Chief Keef Announces ‘Almighty So 2,’ Shares “Racks Stuffed Inna Couch” Single

He’s established himself as the most influential rapper of his generation, but Chief Keef is not finished innovating. The proud Chicago native prepares to follow up one of his most acclaimed projects, officially announcing Almighty So 2, his next album.

Released on October 12th, 2013, the original Almighty So was one of Sosa’s most mind-bending projects, home to beloved deep cuts like “Blew My High.” Home to the viral hit “Tony Montana Flow,” which racked up over 140k video creations on TikTok and 270k+ Shazams, “Almighty So 2” releases later this year via Chief Keef’s new venture 43B and is now available for pre-order.

Chief Keef Announces Almighty So 2, His Next Album, Coming Soon via 43B

To celebrate the announcement of the tape, Sosa shares the new single “Racks Stuffed Inna Couch.” Produced by Young Malcolm, a frequent collaborator of Sosa who produced his acclaimed recent single “Chief So.”

“Racks Stuffed Inna Couch” finds Sosa slithering over sinister fanfares and skittering hi-hats with an irresistible sneering affect. The 27-year-old reaches into his bag of flows, emerging with an addictive cadence that places some serious stank on the last word of each bar as he gleefully dismisses all frivolous business: “You ain’t talkin’ bout the green, I fade to black.”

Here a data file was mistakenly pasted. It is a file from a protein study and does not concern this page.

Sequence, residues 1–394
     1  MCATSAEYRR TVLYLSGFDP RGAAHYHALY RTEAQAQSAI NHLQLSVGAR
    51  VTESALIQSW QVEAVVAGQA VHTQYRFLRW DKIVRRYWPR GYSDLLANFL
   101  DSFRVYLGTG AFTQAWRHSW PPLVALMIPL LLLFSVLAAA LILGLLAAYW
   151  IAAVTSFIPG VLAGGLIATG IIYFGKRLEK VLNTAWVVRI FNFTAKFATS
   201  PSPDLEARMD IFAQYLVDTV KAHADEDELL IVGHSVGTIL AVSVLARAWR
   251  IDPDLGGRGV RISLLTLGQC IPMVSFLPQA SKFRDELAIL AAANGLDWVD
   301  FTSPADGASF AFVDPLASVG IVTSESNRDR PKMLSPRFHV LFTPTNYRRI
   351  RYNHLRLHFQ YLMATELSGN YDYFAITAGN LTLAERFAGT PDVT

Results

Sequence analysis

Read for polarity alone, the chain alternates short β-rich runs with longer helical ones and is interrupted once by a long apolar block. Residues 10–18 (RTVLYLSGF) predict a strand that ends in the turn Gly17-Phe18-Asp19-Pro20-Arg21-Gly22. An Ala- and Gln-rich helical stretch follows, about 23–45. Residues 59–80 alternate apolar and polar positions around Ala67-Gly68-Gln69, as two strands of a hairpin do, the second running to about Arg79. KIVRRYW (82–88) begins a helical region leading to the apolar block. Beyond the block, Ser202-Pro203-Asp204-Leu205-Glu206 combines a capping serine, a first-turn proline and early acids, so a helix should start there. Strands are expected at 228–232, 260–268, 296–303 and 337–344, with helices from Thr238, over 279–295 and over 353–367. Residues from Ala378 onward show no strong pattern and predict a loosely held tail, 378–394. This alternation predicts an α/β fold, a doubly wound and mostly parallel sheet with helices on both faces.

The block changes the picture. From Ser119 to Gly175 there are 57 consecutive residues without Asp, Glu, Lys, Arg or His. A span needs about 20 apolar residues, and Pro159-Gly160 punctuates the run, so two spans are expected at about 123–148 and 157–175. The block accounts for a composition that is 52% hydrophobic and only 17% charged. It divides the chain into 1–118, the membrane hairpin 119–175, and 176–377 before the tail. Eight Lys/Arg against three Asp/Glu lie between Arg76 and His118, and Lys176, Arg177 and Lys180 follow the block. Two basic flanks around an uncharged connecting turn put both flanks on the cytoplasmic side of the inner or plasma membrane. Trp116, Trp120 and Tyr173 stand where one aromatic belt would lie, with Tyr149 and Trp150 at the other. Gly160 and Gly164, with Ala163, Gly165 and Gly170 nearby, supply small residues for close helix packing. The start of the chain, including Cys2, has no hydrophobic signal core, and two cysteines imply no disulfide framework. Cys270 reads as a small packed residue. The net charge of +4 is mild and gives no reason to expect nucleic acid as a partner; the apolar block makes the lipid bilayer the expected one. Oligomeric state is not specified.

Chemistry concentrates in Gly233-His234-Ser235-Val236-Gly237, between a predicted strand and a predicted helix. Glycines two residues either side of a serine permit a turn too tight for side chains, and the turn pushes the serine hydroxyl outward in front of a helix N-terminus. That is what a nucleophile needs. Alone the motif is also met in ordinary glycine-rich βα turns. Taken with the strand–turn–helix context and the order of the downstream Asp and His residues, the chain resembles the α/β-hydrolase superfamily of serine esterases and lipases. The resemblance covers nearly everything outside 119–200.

Uncountably prolific, yet never seeming to run out of ideas, Chief Keef is embarking on a new chapter of his storied career. Earlier this year, he announced the formation of 43B, his new record label formed in junction with BMG, and signed its first artist, Lil Gnar. The two 43B artists combined for the recent single “Almighty Gnar,” a beat-shifting banger.

In December 2021, the rapper shared his critically acclaimed project 4NEM, home to viral single “Yes Sir” and titanic opener “Bitch Where,” prominently used in the fourth season of FX’s Atlanta, and founded his new Web3 venture DigiGlo. Earlier this year, the hip-hop world commemorated the tenth anniversary of the release of Keef’s album Finally Rich, it’s Platinum-selling breakout hit “Don’t Like,” and the drill movement that he kickstarted.

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